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Difference between scenegraph and spatial structure- example?

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I am having a really hard time visualizing the difference between a scenegraph and a spatial structure. I know that a scenegraph is supposed to be the logic heirarchy of the scene, and the spatial tree is supposed to be the spatial hierarchy, but lets think about that. First of all, is a scenegraph really a graph or a tree? That name has always confused me, as almost all implementations use a tree. Second of all, I already have separated the rendering from the tree with a renderqueue. It's still pretty much a scenegraph, but the ability to easily form a modelview matrix from something else than its parents' is there. But I'm finding that a logic-based tree is very close if not exactly like the spatial hierachy. Say I have a world with a character. He has a backpack on that has a flashlight attached to it. The logical hierarchy would be person -> backpack -> flashlight, just as the spatial hierarchy. I'm sure that I'm not thinking correctly of scenes. Can anyone give me a clear example that shows the split between a scenegraph and spatial tree?

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Original post by okonomiyaki
First of all, is a scenegraph really a graph or a tree?

A tree is a unidirectional graph (e.g. a tree is a graph but not the other way around). So yeah, it's usually a tree but people call it a graph because graphs are good for these types of problems. You can call it a scenetree if you want and you wouldn't be incorrect. It's just that graphs are usually used to represent networks so people call it a graph (that happens to be a tree).
Quote:
Original post by okonomiyaki
The logical hierarchy would be person -> backpack -> flashlight, just as the spatial hierarchy.

But a spacial hierarchy doesn't track relationships between objects. It doesn't care that a backpack is on a person that's inside a room which is inside a building. It cares about *spacial* relationship, triangles (not objects) that are closed to each other. Consider two characters that are next to each other. They don't have a scenegraph relationship but they do have a spacial relationship. Just imagine a 3D grid over your scene. First a box, then 8 smaller boxes, then 8 more smaller boxes in each box. That's a spacial hierarchy (triangles within the boxes that are close to each have a common parent, not objects that relate to each other).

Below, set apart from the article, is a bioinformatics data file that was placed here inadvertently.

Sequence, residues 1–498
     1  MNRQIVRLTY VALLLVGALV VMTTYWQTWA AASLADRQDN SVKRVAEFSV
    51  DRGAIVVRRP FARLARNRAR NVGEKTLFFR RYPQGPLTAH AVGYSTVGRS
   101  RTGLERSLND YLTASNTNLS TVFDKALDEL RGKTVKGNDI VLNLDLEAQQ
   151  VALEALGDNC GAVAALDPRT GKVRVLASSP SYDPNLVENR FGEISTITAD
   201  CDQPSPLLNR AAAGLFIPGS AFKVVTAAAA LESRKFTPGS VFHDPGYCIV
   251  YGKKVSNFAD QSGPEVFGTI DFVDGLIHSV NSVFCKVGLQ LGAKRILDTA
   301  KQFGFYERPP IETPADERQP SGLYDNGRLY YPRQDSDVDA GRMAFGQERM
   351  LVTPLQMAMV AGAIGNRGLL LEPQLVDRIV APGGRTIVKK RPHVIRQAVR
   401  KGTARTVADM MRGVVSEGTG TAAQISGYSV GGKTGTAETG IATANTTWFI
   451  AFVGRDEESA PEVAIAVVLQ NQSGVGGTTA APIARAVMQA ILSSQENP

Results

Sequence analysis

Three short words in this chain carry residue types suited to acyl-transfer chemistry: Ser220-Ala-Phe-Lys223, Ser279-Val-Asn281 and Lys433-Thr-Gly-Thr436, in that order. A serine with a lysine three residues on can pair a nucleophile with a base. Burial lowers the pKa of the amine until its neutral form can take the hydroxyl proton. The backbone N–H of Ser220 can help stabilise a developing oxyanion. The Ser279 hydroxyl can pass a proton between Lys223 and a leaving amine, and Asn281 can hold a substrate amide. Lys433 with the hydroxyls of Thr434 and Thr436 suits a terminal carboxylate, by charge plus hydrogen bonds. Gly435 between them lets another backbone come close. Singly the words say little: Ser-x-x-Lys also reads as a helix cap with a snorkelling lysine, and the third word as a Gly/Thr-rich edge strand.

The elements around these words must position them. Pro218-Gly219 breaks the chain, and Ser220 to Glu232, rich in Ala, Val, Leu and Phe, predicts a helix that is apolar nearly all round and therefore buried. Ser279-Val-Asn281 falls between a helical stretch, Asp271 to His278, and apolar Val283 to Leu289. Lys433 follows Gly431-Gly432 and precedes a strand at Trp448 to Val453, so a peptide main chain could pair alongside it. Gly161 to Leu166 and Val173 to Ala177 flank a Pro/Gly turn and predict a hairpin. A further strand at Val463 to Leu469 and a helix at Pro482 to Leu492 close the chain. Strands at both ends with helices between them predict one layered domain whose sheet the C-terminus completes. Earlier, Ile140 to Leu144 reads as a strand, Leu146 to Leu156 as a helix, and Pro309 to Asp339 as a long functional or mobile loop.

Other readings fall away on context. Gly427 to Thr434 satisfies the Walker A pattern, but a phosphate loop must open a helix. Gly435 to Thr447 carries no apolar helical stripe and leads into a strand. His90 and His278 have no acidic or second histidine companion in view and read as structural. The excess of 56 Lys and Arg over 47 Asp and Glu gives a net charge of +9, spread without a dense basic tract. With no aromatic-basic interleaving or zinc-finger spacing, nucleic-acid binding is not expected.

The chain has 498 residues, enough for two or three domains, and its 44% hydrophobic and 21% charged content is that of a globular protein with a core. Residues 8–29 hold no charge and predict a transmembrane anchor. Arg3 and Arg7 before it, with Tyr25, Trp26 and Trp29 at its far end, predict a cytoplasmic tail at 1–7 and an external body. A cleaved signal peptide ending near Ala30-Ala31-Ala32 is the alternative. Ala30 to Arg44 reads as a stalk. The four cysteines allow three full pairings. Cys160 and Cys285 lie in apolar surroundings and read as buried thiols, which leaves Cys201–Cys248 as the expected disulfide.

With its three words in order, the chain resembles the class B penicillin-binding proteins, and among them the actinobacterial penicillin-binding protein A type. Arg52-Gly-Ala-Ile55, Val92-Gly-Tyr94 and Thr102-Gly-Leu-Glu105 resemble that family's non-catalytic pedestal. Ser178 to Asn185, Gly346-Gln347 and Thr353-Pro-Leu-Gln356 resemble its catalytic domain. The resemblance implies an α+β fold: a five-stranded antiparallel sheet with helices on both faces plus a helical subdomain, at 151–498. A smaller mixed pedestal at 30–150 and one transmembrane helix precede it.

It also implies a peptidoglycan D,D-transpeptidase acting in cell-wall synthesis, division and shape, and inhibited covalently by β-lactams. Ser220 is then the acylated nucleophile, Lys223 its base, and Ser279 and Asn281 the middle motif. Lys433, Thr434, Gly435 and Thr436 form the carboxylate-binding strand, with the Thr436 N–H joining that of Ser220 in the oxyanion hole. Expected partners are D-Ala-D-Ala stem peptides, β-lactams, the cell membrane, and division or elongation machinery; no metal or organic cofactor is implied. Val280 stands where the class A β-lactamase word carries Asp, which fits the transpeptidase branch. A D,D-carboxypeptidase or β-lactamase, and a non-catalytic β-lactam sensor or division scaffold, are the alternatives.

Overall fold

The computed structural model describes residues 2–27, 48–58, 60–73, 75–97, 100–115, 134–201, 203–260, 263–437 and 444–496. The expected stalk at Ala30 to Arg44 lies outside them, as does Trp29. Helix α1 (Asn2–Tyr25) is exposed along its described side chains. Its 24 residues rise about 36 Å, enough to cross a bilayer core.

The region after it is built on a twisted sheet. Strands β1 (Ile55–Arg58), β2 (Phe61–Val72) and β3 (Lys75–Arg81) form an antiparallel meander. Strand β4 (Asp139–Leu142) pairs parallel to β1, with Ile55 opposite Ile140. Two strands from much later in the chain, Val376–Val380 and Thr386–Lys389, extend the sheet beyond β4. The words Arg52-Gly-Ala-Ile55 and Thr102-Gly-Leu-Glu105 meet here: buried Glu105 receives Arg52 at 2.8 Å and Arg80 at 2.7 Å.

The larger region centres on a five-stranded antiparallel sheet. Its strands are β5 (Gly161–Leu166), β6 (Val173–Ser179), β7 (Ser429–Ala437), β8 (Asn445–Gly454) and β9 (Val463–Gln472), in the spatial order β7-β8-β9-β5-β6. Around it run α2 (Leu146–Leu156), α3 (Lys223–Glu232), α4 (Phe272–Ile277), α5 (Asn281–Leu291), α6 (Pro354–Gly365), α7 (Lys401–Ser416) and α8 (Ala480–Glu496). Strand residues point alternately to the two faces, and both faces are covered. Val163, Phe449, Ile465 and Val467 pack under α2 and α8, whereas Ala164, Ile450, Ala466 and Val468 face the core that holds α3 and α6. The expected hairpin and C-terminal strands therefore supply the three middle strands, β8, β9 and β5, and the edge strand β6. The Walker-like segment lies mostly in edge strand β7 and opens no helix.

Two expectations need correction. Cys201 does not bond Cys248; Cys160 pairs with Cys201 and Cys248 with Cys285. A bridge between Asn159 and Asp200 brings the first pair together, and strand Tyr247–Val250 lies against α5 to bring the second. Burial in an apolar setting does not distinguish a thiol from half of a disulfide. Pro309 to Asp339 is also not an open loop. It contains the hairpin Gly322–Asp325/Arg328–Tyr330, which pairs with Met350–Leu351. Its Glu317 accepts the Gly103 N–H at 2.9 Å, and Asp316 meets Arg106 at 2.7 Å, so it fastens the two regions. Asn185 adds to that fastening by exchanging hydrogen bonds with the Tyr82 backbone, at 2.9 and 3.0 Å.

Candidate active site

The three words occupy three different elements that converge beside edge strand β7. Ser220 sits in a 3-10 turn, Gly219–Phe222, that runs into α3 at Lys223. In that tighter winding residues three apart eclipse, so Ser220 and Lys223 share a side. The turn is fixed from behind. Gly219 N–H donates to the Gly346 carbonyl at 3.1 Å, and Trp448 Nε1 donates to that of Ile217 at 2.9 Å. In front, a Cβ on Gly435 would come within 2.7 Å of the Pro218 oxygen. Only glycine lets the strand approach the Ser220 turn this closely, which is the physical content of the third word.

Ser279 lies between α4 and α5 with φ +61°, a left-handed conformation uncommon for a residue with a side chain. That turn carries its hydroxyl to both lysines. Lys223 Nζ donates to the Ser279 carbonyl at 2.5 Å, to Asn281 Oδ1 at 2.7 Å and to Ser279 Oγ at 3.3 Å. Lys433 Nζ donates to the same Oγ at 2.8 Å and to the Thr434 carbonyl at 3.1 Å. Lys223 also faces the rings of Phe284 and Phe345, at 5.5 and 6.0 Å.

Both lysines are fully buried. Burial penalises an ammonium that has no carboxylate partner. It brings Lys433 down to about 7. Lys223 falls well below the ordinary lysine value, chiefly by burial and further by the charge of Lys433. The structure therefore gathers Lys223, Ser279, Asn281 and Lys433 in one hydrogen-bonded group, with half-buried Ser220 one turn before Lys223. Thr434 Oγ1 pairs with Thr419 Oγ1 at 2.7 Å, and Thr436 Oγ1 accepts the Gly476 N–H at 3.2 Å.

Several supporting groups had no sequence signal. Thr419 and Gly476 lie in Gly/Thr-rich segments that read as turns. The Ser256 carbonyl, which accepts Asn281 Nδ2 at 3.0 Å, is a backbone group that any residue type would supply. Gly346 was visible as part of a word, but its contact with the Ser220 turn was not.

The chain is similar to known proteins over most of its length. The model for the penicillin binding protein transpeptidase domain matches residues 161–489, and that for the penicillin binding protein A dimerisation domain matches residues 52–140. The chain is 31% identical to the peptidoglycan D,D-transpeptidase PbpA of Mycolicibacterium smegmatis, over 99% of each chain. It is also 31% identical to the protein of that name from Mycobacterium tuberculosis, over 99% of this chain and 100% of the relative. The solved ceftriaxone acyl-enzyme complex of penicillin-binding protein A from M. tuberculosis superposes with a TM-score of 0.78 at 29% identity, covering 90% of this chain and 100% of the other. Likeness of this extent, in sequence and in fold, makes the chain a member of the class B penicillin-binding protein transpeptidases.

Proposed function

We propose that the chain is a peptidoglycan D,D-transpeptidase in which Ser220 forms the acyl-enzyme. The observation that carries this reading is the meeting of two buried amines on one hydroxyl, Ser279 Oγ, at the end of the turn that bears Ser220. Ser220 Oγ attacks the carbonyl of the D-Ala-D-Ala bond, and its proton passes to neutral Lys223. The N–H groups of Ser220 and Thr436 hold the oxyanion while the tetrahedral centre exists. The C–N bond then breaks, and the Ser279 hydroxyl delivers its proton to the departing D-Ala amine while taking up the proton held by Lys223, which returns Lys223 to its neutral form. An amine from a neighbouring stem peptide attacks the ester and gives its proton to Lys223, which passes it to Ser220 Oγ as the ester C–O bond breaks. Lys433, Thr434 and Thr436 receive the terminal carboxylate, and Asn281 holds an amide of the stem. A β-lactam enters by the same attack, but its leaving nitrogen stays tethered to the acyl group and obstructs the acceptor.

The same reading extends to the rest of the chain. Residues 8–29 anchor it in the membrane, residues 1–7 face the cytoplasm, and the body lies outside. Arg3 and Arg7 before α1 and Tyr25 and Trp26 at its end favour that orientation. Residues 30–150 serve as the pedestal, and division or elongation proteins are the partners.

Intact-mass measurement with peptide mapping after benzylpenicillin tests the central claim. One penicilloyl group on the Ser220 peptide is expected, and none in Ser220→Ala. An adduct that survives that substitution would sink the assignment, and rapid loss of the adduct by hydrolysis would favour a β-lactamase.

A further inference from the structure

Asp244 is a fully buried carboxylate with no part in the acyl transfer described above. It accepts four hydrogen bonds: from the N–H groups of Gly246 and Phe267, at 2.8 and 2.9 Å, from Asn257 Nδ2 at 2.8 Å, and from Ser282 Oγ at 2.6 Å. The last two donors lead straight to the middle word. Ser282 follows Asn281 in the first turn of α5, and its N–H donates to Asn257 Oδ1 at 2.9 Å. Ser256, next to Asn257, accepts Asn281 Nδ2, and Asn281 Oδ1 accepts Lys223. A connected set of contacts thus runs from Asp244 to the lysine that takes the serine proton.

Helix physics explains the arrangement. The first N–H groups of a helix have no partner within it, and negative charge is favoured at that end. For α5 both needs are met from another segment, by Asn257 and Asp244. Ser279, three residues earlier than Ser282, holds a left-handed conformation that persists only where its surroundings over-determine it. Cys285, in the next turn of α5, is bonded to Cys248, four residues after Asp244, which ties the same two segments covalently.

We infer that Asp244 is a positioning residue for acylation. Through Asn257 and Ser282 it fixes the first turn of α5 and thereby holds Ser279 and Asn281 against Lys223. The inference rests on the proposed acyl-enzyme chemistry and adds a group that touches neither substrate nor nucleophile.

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Original post by okonomiyaki
But I'm finding that a logic-based tree is very close if not exactly like the spatial hierachy.

If one object is logically related to an another, there is a good chance that they will be physically close to each other. There will certainly *seem* to be similarities, but it's in the way they work that makes the difference.

Let's consider your example, the person with the backpack. If the person isn't on the screen does that mean they're backpack isn't? No, it doesn't, the person may be just off the edge of the screen with the backpack still visible. In more general terms, just because a node in the scenegraph isn't visible DOESN'T mean that its child nodes aren't visible. This means that you have to traverse THE ENTIRE TREE in order to find out which objects should be rendered.

Spatial partitions on the other hand guarenttee that if any node isn't visible then none of its child nodes are either, so the instant you find a non-visible node you can instantly disregard all of it's child nodes.

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Original post by CoffeeMug
Consider two characters that are next to each other. They don't have a scenegraph relationship but they do have a spacial relationship. Just imagine a 3D grid over your scene. First a box, then 8 smaller boxes, then 8 more smaller boxes in each box. That's a spacial hierarchy (triangles within the boxes that are close to each have a common parent, not objects that relate to each other).


Quote:

Let's consider your example, the person with the backpack. If the person isn't on the screen does that mean they're backpack isn't? No, it doesn't, the person may be just off the edge of the screen with the backpack still visible. In more general terms, just because a node in the scenegraph isn't visible DOESN'T mean that its child nodes aren't visible. This means that you have to traverse THE ENTIRE TREE in order to find out which objects should be rendered.


Two very good examples. Thank you very much, I can see the difference now.
So, you build the spatial tree from bounding boxes I assume and scenegraph from logical (person -> sword -> blade)?
You still calculate the model matrix from the scenegraph I assume, hence the ability to stack transformations. So the scenegraph is still used for rendering also.
And the spatial tree is used for culling/object collision.

Thanks!

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Original post by CoffeeMug
Quote:
Original post by okonomiyaki
First of all, is a scenegraph really a graph or a tree?